Liu: When Weidong and I started the company in the US, we planned to come back to China, which has the largest market for biological drugs. Yet back then, China had none of its own antibody drugs. The few on the market were all imported and too expensive for patients. With years of experience working on biologics in leading international pharmaceutical companies in the US, we saw the great potential of biologics and were eager to bring novel treatment options to Chinese patients. I also had personal reasons for wanting to work on affordable biological drugs.
Jiang: As with Scott, my personal experience led me back to China to work on biologics. I had family members who died of cancer due to a lack of effective treatment. I knew antibody drugs would offer them hope, but they were not available in China back then. So our initial ambition for Henlius was to improve patient lives by providing them innovative and affordable medicines. We put quality first, and also value innovation and speed, as these are closely connected.
Liu: It is the emphasis on speed that made us choose biosimilars as a forerunner. As developing biologics is very time-consuming and complicated, by developing proven originals we can significantly shorten the R&D period, and bring bioequivalent treatment to market much faster.
However, this is no simple copy-and-paste work. Biologics are structurally complex large molecules produced in living cells and more difficult to characterize than chemically synthesized small-molecule drugs. The biological processes are inherently variable and highly sensitive to manufacturing conditions. Changes to any step of the production process may alter the structure, biological activity, effectiveness and safety of the biologics. It takes good techniques to keep the bioequivalence.
Jiang: The advantages of biosimilars lie in the proven safety and efficacy of the original biologics. We can have the same target antigens, so there is relatively lower risk, and greater potential for success. In line with our development strategy, we can help patients get effective treatments sooner. Improved access may bring clinical benefits, as earlier and more appropriate uses of biologic treatments are associated with better outcomes. After all, achieving optimal treatment for patients is a shared goal for us and the physicians.
Liu: Developing biosimilars in China was challenging a decade ago. The European Medicines Agency (EMA) was the first to introduce guidelines for biosimilars in 2005, and the US FDA launched relevant regulations in 2010. The China National Medicinal Products Administration (NMPA; formerly named China FDA) did not publish its first technical guidelines for biosimilar development until 2015, which broadly followed similar principles as the EMA and the FDA.
Moreover, biologics and biosimilars are more complex and challenging to manufacture than small molecules, requiring process innovations. The biological development did not start blooming here until large groups of overseas Chinese professionals with sophisticated techniques started flowing back. And only with correct techniques and well trained talents, biopharma companies can develop quality biologics in line with the global standards.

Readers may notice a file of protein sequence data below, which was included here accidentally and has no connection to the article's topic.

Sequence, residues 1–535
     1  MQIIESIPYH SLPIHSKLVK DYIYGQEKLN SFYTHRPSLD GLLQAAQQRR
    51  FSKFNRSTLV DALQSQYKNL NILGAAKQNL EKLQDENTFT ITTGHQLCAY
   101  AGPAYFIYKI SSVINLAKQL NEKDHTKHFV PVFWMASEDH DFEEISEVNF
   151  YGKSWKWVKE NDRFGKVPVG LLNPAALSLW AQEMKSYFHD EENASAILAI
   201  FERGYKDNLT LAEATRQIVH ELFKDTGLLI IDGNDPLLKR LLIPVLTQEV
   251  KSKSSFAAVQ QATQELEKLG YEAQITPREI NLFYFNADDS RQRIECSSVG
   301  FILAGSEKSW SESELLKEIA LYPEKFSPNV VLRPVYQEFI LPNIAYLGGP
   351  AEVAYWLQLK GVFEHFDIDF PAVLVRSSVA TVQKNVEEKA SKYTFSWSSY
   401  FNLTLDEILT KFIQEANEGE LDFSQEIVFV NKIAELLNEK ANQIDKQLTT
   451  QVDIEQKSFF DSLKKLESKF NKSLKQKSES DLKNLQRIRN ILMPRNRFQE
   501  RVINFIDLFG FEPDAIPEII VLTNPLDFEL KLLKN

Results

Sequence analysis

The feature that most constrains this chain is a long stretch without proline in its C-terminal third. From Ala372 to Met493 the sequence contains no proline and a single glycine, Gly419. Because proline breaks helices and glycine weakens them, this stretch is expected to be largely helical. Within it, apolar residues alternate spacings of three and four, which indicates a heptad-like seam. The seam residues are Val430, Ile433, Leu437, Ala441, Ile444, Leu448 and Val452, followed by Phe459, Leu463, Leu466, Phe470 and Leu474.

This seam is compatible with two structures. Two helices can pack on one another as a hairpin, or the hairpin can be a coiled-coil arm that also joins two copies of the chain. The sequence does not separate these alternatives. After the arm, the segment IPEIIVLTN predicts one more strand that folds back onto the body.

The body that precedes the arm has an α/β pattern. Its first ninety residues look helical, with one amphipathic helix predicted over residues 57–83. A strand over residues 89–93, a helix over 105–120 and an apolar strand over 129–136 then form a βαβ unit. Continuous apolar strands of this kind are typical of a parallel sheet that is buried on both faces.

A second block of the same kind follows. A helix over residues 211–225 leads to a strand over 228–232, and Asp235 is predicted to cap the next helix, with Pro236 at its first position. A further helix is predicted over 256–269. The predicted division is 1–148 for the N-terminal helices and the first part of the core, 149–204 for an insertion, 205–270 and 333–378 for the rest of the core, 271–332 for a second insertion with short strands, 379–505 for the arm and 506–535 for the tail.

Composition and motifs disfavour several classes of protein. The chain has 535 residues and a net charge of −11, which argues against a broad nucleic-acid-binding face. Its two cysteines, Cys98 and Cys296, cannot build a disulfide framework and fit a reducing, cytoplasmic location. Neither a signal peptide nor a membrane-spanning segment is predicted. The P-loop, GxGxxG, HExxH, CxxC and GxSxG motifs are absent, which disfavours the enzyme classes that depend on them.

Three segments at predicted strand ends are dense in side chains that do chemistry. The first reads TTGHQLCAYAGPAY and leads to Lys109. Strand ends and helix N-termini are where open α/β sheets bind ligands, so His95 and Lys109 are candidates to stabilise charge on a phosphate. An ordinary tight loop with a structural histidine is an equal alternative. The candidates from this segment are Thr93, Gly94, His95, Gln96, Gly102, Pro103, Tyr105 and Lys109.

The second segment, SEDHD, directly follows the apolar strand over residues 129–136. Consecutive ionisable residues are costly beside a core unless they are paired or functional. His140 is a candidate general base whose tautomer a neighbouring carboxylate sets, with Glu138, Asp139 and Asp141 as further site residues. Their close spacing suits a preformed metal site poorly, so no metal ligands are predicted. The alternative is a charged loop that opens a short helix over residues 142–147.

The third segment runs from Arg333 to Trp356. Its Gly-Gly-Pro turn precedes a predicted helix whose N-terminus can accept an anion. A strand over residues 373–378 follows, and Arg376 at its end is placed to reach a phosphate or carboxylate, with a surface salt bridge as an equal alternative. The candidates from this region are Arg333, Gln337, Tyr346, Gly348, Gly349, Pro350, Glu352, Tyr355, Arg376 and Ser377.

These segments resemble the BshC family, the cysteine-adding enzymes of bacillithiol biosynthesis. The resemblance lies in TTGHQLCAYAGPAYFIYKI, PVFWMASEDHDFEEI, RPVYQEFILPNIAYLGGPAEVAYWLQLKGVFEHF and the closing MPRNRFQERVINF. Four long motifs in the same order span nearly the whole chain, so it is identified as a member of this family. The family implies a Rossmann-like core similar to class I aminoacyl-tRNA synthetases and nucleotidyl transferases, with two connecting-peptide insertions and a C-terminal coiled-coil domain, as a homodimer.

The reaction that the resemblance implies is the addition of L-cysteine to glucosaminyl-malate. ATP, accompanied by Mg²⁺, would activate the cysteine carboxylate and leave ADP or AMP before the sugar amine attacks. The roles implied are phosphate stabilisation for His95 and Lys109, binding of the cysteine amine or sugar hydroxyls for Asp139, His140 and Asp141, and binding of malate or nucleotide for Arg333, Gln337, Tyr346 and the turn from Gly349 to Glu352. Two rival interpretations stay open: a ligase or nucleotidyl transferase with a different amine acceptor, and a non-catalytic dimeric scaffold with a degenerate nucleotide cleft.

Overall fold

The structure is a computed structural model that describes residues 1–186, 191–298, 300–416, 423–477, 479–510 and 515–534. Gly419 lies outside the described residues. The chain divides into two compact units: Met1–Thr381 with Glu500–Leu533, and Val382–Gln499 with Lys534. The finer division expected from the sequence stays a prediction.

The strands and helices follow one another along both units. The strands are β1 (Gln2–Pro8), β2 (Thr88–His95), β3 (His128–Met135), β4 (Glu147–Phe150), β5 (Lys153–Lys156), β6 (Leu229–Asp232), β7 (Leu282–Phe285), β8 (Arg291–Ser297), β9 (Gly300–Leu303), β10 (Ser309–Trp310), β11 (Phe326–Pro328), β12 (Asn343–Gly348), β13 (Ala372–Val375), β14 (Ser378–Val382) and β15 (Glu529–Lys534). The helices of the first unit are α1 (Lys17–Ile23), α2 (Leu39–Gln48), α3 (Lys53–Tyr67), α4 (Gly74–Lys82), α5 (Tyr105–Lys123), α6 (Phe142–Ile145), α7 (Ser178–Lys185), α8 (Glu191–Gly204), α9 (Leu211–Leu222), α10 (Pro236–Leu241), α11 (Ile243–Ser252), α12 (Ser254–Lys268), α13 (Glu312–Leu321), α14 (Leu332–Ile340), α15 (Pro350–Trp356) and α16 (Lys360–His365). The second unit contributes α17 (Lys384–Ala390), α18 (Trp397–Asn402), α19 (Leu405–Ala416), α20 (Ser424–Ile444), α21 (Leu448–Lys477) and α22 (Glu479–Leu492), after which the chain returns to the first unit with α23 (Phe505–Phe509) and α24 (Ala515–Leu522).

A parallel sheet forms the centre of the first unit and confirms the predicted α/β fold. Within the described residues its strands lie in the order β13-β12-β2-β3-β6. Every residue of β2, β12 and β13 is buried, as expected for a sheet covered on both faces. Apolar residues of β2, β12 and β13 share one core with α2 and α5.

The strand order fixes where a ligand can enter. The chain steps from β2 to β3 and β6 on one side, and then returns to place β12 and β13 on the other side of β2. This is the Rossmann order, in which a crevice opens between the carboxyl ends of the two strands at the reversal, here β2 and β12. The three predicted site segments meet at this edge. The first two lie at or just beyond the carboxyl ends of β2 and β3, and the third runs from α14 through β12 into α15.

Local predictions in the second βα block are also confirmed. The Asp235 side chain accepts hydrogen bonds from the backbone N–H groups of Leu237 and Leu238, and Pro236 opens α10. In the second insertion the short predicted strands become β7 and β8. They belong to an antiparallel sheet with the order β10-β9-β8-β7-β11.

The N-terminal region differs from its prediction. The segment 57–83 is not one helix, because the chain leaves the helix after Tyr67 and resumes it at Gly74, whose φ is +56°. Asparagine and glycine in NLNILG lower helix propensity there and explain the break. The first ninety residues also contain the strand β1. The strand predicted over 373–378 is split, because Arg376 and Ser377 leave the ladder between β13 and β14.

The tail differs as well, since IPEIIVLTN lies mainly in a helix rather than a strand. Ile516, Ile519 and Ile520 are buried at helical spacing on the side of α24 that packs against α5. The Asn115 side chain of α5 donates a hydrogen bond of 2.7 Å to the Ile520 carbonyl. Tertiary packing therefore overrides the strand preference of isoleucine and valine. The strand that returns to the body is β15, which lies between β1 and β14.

Jiang: As Scott said, we had nothing but the EU and FDA guidelines to follow for the development of HLX01 in 2011. There were also no competent CROs to work with. As the regulatory body might not have the necessary knowledge to review and evaluate biosimilars, industry pioneers, including Henlius, worked closely with China NMPA to explore and define the pathway for developing biosimilars in China. We all learned a lot through this process.
Liu: Our advantage is the technology we harness, which enables us to produce quality products effectively and at lower cost. For instance, the production of biologics demands maintaining the biological activity of proteins. The cell culture media we developed meets this requirement, and also helps cut down the cost. The R&D platform we created integrates mAb screening, cell line development, cell culturing, downstream protein purification, and biological preparation, putting us in a leading position. Backed by an international GMP standard facility, we are equipped with advanced single-use bioreactors to ensure high-quality manufacturing.
Jiang: At Henlius, we emphasize quality and doing things in the right way, as this ensures efficiency and saves time by avoiding unnecessary mistakes. Leveraging the best practices from leading international pharmaceutical companies, our effective project management system and R&D procedure, with some adaptations, will help ensure quality and speed.
Liu: We also have talented research and management professionals, most of whom returned from overseas with great education qualifications or credentials, and industry experiences. We attract them not just because of our advanced technology and infrastructure, but also due to our strong sense of mission. We also emphasize ethics, and try to create a supportive environment to encourage initiative and innovation.
Jiang: With a focus on innovation, we are also developing follow-ups and bio-novels. Until now, we have completed the IND/CTA submission of 13 products and two combinations with 23 indications, mainly covering cancer and autoimmune diseases. Seven of these are bio-novel products, including four entering the stage of clinical trials. Also in our pipeline is the combination therapy in immuno-oncology, combining PD-1/PD-L1 inhibitors with other monoclonal antibodies to enhance the effectiveness of cancer immunotherapy.